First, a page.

While the “Bundesreich Deutschland“ would start to move its first steps, the new Kaiser would start to adapt himself to his newfound duties, accompanied by his wife, Kira Kirillova of Russia. While the Emperor would constantly have positive favour during all his reign, the Kaiserin would have to face for years the diffidence of her subjects, because she was merely Russian. Calm and pragmatic, Kira would contribute greatly to rebuild a court around the Imperial family, while venomous attacks from the Soviet Union (seeing the Hohenzollern restoration, along with the Haspburg one in Hungary, as a mere attempt of the West to plant the seed of a new White, Tsarist counter-revolution) and Democratic Republic of Germany (DDR) would contribute gradually to her gaining popularity among the Germans. For any good measure, Louis and Kira would officially renounce to whatever claim on the Russian throne for their children.

    The rise of Louis Ferdinand would also mark as the rise of Konrad Adenauer as German leader of the Reich. Adjusting to this new reality, the Reichkanzler would proceed over the reconstruction of his nation, waiting for 1955 – the expected date for the end of foreign occupation – to make his first concrete steps in internal and foreign policy. It came at a time when German people all across the Kingdom were in an uproar. This was due to the ‘Miracle of Bern’, where the West German team miraculously (or some would say ‘cheatingly’) defeated the seemingly invincible Italian and Hungarian teams at the 1954 World Cup in the semi-final and final respectively. This would start a long-standing rivalry between Germany and Hungary, especially when the Hungarians triumphed in their semi-final rematch in 1958, which Hungary would win before going on to beat Brazil in the final (leading to Brazilian fears their team was ‘cursed’ until they won the 1962 event). The triumph in the World Cup brought a belief in rejuvenation back to the German psyche. It would bring pride back to a people, but it would bring mistrust back to the continent.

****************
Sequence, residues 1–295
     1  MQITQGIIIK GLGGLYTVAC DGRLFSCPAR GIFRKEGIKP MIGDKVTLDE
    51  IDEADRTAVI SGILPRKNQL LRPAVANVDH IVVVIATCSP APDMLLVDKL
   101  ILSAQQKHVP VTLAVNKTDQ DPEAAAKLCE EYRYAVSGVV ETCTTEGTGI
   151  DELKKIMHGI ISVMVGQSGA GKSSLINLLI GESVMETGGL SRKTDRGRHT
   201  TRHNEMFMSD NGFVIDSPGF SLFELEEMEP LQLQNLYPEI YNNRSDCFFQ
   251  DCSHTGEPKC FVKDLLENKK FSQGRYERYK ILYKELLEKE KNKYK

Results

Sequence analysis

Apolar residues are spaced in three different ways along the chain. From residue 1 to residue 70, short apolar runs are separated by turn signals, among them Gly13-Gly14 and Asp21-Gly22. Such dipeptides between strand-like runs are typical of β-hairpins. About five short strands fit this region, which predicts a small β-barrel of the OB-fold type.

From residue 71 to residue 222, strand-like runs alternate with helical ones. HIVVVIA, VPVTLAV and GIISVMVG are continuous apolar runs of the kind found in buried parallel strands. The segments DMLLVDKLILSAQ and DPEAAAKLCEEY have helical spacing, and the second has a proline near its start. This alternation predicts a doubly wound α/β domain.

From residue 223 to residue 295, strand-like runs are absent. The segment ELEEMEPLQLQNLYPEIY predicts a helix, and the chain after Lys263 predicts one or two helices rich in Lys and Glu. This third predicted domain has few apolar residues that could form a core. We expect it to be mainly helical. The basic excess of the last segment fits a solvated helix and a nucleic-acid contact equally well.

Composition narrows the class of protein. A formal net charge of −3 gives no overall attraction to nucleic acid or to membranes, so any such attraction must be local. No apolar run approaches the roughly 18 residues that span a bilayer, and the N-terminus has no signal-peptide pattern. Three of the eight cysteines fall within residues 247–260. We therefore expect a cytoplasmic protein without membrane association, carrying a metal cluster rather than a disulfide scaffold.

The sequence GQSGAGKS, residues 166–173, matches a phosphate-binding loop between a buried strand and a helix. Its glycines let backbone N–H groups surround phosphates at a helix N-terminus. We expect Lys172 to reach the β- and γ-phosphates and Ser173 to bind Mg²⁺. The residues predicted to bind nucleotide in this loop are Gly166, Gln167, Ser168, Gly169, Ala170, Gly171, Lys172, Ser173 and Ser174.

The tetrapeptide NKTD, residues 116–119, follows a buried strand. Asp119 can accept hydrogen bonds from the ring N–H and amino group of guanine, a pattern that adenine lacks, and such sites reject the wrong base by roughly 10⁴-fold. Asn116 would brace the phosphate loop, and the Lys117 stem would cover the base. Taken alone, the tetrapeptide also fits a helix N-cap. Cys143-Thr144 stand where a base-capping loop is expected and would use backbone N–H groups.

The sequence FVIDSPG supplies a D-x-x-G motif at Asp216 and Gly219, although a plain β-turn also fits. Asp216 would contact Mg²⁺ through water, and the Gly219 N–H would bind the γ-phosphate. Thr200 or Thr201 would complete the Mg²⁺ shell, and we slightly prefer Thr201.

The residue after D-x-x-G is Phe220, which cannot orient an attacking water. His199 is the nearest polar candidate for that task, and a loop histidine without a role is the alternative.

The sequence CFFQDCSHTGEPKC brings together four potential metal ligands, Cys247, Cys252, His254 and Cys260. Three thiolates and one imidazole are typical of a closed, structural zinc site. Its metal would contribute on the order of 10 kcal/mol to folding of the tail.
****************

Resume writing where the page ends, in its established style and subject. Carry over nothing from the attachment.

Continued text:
8. Seandineen Member

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    I know it's no longer an official flag, but would the New imperial government allow the Red White and Black to be used by youth movements or the post office, to pacify second reich stalwarts?
     
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  9. RyuDrago Italian? Yes, but also Roman

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    Well that's quite the interesting question! I don't think it would be necessary, because, if the Kaiser returned, why the nostalgic of the Second Reich would cry further? Doesn't mean the older flag or colours won't be used - the white shirt of the German soccer team being surely one of the most noticeable example.